Some NATO member states find increasing value in U.S. nuclear arms deployed in Europe, amid continued worries about Russian actions in Ukraine.
Current and former officials from Poland and the Czech Republic spoke of the importance of maintaining the role that nuclear weapons play in NATO in a Tuesday Newsweek article.
“Nuclear deterrence is a very important factor that NATO has at its disposal, and it’s becoming increasingly important,” Polish National Security Bureau chief Stanislaw Koziej said in an interview.
Jiri Schneider, who served as the Czech Republic’s first deputy foreign minister until two months ago, said it was important for NATO to “show some muscle” in the face of Russia’s ongoing destabilizing actions in Ukraine and elsewhere.
Sources close to Schneider said that means continuing to deploy U.S. B-61 nuclear warheads in Europe and maintaining the air capability to deliver the gravity bombs in an attack. Less than 200 of the weapons are broadly understood to be fielded in five NATO countries — Belgium, Germany, Italy, the Netherlands and Turkey.
Before the recent tensions with Russia, there was a strong movement among some Western NATO members to send the tactical weapons back to the United States, based primarily on the argument that their deployment did not provide much military value to the alliance. Proponents of that view now acknowledge there is little chance of a tactical nuclear withdrawal happening in the near future.
A March paper by the Center for European Policy Analysis recommended that NATO weigh ending its voluntary prohibition against the deployment of U.S. nonstrategic weapons in Central and Eastern Europe.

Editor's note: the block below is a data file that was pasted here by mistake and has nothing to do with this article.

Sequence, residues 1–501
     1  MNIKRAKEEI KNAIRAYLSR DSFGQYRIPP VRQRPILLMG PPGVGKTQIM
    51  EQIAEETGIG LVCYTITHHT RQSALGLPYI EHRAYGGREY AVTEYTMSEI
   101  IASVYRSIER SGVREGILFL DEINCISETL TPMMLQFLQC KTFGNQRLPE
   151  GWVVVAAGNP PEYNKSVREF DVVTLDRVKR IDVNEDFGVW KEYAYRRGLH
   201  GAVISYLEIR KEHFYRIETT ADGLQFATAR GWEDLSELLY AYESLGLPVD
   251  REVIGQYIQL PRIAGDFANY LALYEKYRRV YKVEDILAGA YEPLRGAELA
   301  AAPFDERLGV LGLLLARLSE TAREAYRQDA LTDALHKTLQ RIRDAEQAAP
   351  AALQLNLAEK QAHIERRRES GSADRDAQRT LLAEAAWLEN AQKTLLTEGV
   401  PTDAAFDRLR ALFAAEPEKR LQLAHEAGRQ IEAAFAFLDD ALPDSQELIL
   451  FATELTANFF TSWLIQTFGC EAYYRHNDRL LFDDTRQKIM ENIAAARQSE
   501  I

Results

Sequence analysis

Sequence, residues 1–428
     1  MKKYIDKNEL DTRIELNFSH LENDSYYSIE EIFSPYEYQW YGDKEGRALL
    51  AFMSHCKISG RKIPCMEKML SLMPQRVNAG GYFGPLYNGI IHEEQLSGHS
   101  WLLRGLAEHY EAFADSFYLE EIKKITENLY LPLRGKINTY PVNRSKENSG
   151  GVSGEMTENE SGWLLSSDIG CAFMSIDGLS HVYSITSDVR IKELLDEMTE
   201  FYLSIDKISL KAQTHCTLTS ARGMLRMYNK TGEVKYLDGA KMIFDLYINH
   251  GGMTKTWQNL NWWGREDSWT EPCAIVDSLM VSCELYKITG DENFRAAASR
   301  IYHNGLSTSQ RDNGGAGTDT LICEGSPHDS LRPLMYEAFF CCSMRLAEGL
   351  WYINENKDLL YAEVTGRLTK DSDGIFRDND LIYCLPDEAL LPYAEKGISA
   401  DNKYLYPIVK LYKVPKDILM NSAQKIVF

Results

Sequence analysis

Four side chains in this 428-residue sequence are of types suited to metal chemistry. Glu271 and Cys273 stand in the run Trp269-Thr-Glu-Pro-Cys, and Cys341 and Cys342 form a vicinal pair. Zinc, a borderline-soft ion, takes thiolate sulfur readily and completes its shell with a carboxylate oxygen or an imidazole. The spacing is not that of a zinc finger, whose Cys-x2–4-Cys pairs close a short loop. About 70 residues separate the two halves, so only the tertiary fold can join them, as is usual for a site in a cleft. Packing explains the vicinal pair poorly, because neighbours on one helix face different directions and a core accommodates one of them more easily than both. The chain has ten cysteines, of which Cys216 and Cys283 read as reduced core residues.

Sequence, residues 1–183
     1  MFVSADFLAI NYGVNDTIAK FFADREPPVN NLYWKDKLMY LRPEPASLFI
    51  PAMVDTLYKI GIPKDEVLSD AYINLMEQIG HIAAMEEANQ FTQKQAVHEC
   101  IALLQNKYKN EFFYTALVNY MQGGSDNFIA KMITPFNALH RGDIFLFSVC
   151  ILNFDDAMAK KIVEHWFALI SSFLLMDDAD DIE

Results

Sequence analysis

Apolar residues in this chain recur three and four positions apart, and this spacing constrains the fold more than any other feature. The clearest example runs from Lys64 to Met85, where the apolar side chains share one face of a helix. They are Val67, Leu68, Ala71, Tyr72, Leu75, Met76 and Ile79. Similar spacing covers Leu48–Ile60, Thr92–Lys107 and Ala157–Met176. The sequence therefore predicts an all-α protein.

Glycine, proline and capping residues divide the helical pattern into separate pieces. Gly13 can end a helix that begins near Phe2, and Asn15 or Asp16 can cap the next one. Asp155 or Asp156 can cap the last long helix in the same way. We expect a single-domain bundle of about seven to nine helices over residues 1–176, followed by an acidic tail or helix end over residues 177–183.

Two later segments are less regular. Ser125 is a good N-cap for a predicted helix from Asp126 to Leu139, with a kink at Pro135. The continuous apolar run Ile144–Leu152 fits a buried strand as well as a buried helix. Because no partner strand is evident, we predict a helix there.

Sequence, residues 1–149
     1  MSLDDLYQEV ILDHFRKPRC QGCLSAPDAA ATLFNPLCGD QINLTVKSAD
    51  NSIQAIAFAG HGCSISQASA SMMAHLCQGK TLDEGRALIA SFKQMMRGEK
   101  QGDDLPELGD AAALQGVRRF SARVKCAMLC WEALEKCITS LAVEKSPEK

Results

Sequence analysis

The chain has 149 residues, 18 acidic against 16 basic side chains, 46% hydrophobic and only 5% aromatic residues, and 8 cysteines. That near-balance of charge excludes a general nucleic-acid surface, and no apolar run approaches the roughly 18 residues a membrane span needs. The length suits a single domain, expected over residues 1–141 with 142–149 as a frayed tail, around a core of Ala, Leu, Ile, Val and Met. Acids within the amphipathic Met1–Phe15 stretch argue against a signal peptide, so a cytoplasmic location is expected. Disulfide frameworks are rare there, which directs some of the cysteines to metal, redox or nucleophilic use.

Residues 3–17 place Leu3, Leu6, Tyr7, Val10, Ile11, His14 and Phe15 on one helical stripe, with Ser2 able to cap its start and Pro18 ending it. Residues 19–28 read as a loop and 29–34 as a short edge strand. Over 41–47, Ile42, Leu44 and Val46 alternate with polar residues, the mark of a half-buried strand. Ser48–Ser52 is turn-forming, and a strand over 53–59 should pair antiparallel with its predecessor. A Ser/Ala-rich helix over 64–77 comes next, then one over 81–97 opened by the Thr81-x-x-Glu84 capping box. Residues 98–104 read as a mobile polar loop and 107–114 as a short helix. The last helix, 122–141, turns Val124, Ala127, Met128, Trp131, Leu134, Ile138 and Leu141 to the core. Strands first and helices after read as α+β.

“Nuclear deterrence in Europe should have some kind of European participation, simply for reasons of burden sharing,” Schneider said.
Currently, the five NATO states that host U.S. gravity bombs each maintain nuclear-capable aircraft that can deliver the weapons in an attack. But many of those planes are scheduled to be retired in the next decade and not all five of the countries are planning to buy dual-role planes to replace them.
Schneider suggested the Czech Republic could be willing to participate in a potential new NATO basing arrangement for the U.S. weapons.
What We're Following See More »
"The Senate approved the Republican-proposed budget Thursday night, a major step forward for the GOP effort to enact tax cuts. The budget, which now moves to the House, is projected to expand the deficit by $1.5 trillion over 10 years. Its passage will allow the GOP to use a procedural maneuver to pass tax legislation through the Senate with 50 or more votes, removing the need for support from Democratic senators."
"President Donald Trump overrode his own advisers when he promised to deliver an emergency declaration next week to combat the nation’s worsening opioid crisis ... Blindsided officials are now scrambling to develop such a plan, but it is unclear when it will be announced, how or if it will be done, and whether the administration has the permanent leadership to execute it, said two administration officials. 'They are not ready for this,' a public health advocate said of an emergency declaration after talking to Health and Human Services officials enlisted in the effort."
"The number of U.S. adults without health insurance is up nearly 3.5 million this year, as rising premiums and political turmoil over 'Obamacare' undermine coverage gains that drove the nation’s uninsured rate to a historic low. That finding is based on the latest installment of a major survey, released Friday. The Gallup-Sharecare Well-Being Index asks a random sample of 500 people each day whether they have health insurance."
The initial data Twitter gave to the Senate's Russia Probe was "a batch of tweets that the Kremlin’s English-language news network paid the company to promote, The Daily Beast has learned. That’s just a sliver of what investigators believe to be Russia’s propaganda campaign on the social network—which helps explain the dissatisfaction that followed those first disclosures."
"Senate Democrats on Thursday failed in their first attempt to save the state and local tax deduction, which helps many residents of California and other high-cost states reduce their federal income tax bills. The Republican-controlled Senate voted 52-47 to reject an amendment that would have prevented the Senate from considering any bill that repeals or limits the deduction as part of a planned tax overhaul."